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Will Ryman's Bird On View in Flatiron Plaza

Constructed of both actual and fabricated nails,is the first art structure to be displayed at this location, and part of DOT's new effort to bring more contemporary art to the public space.
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If you have found yourself in Flatiron District recently, you may have noticed a recent addition to its plaza in the shape of a lofty 12-foot steel raven crafted out of nails in varying sizes. This neighborhood newcomer is an installation by none other than New York City's Will Ryman, whose Bird is featured as part of the NYC Department of Transportation's Urban Art Program, an initiative aimed at enhancing New York City's streetscapes with temporary art installments.

The five-ton sculpture is a piece from Ryman's previous exhibition Anyone and No One, which opened at the Paul Kasmin Gallery last February. Constructed of both actual and fabricated nails, Bird is the first art structure to be displayed at this location, and part of DOT's new effort to bring more contemporary art to the public space. Ryman, who was also the first artist to hold simultaneous exhibits at each of Paul Kasmin's gallery spaces, shares his inspiration behind the piece.


How did your collaboration with DOT's Urban Art Program come about?

DOT reached out to me, I want to say, last summer. They showed me several different sites around New York to see if I'd be interested in showing anything, and Flatiron stuck out to me. That was what I wanted and what they wanted so it came down to the right piece at the right time, really.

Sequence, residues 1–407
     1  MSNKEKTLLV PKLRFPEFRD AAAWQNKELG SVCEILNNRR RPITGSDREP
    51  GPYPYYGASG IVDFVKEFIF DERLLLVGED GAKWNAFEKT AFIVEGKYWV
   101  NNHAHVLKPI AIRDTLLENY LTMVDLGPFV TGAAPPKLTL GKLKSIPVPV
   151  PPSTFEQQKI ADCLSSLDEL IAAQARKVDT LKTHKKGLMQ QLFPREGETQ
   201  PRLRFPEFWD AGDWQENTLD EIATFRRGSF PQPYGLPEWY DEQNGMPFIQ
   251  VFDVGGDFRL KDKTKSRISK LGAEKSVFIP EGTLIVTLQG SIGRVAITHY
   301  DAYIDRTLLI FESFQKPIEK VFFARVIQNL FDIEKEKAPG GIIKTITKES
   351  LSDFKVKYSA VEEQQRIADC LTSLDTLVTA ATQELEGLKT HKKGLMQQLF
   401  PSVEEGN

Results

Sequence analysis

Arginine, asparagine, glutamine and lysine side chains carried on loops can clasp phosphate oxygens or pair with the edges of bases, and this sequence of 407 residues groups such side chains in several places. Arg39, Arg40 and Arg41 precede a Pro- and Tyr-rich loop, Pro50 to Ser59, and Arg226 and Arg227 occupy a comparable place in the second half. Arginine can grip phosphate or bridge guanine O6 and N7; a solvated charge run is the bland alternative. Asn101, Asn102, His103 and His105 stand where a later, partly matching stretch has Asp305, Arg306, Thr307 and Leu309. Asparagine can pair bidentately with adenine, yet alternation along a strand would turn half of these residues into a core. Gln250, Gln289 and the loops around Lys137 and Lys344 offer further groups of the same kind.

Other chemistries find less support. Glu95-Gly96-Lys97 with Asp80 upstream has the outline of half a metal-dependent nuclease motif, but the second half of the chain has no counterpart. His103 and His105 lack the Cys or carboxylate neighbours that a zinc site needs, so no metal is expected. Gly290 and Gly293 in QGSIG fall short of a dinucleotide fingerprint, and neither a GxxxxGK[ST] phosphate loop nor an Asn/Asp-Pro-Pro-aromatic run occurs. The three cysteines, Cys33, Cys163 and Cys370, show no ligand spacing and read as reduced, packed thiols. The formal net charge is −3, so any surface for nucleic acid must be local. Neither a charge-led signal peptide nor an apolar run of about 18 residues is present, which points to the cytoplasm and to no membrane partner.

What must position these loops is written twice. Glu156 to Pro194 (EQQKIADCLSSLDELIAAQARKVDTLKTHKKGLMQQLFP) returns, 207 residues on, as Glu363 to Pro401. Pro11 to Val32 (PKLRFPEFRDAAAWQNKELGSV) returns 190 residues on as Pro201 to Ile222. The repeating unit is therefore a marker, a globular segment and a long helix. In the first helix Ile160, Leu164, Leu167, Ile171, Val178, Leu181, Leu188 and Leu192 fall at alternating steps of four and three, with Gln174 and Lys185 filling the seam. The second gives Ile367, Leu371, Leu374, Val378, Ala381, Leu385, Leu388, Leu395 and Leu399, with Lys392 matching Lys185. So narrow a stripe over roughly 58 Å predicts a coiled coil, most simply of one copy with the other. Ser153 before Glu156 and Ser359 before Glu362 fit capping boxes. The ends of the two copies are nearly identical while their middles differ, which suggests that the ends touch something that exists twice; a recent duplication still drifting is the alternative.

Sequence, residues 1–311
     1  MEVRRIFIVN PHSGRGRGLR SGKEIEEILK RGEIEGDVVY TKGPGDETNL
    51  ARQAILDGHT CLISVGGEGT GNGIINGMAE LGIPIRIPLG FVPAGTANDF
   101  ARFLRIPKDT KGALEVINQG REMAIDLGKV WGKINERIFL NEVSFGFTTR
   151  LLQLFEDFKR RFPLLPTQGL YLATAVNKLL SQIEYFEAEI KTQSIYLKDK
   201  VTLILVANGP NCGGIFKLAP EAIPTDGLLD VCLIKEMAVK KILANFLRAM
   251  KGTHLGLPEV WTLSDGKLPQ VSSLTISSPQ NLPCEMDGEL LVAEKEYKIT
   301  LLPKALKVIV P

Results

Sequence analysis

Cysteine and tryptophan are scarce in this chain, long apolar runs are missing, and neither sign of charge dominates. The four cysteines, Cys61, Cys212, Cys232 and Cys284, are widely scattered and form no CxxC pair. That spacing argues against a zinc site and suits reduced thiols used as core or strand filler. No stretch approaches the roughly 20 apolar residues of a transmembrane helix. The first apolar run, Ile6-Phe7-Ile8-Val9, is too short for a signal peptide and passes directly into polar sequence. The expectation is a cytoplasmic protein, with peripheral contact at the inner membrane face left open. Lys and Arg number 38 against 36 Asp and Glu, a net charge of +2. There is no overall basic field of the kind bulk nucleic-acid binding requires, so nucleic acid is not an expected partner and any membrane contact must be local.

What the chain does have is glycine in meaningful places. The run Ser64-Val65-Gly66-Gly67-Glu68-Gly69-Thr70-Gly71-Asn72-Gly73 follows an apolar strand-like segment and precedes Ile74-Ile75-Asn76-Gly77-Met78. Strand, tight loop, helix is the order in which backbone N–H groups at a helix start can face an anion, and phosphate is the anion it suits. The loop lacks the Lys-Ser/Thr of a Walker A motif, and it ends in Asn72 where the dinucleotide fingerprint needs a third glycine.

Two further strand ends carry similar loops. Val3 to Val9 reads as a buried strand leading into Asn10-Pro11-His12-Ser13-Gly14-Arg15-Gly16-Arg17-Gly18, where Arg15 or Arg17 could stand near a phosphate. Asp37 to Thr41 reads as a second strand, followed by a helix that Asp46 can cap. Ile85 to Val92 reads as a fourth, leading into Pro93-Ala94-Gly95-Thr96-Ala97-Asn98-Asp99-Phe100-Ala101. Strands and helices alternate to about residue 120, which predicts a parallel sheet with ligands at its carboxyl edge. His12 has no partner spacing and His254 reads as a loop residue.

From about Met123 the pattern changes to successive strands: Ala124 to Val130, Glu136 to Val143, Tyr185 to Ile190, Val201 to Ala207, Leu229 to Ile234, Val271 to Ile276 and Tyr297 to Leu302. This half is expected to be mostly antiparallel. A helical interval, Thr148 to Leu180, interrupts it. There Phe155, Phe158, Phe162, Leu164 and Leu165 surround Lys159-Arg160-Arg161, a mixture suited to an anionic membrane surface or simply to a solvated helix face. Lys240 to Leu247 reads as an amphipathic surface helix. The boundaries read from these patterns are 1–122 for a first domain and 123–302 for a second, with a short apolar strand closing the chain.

What drew you to that particular location?

They showed me that and they said, "This would be a great site. We would like to do something here." I thought that was my favorite site as well, mainly because of the Flatiron Building -- the historical and architectural relevance of that building. I thought the piece would look really good in front of that. And also because I grew up in that neighborhood and I've seen the progression evolve over the years. Those two things are really what interested me the most. There were several sites in DUMBO, but they weren't big enough. The footprint wasn't big enough and the bird needs a big footprint for it to walk around, and for it to exist.

The bird itself is huge. I wanted to ask about the appropriation of space in your works.

It depends on the installation. With this particular piece, it really had to do with changing the meaning of the object by changing the scale of the object and also using them in great abundance. The bird really is about the relationship between realism and abstraction. What's interesting to me about the work is the abstraction that the nails form with the piece. When you look at the back of the bird, you don't see a bird. You see abstractions of these nails coming towards you, and then when you walk around it the abstractions sort of turn into this image. It's like looking at something with a magnifying glass. It's a negation of perception.

The bird was based on Edgar Allen Poe's raven, correct?

The image of the bird, maybe, but very loosely. It's really more about the abstraction of the nail, and the rose in the bird's beak is a reference to my last public installation on Park Avenue [Roses].

In the gallery space the bird was shown without the base that now accompanies the piece. It now sits on a bed of nails?

I made the base specifically for the Flatiron Plaza. The reason I did that was because they wanted it to be up on a base, and I generally don't like sculpture on pedestals. I wanted to make a different base, and I wanted to incorporate it into the sculpture. I wanted it to be about the object, the nails, because that's what the piece is really all about. I wanted him kind of standing on almost a nest of nails. Those are all actual nails -- they're not fabricated or anything. They're all nails that were store-bought and welded onto a frame.

In regard to your distaste for pedestals, you've also spoken before about feeling constricted by the "Chelsea white box."

I usually try to incorporate the entire space within whatever it is I'm doing. The Chelsea white box is a clear boundary. I think it can be restricting in that it is very slick and clean -- which is good -- but I feel that a lot of shows are more about the gallery space than they are the art. I try to make the art and the space, wherever it is, be part of each other.

Bird will be on view at Broadway and 23rd Street from March 24-April 21, 2013.

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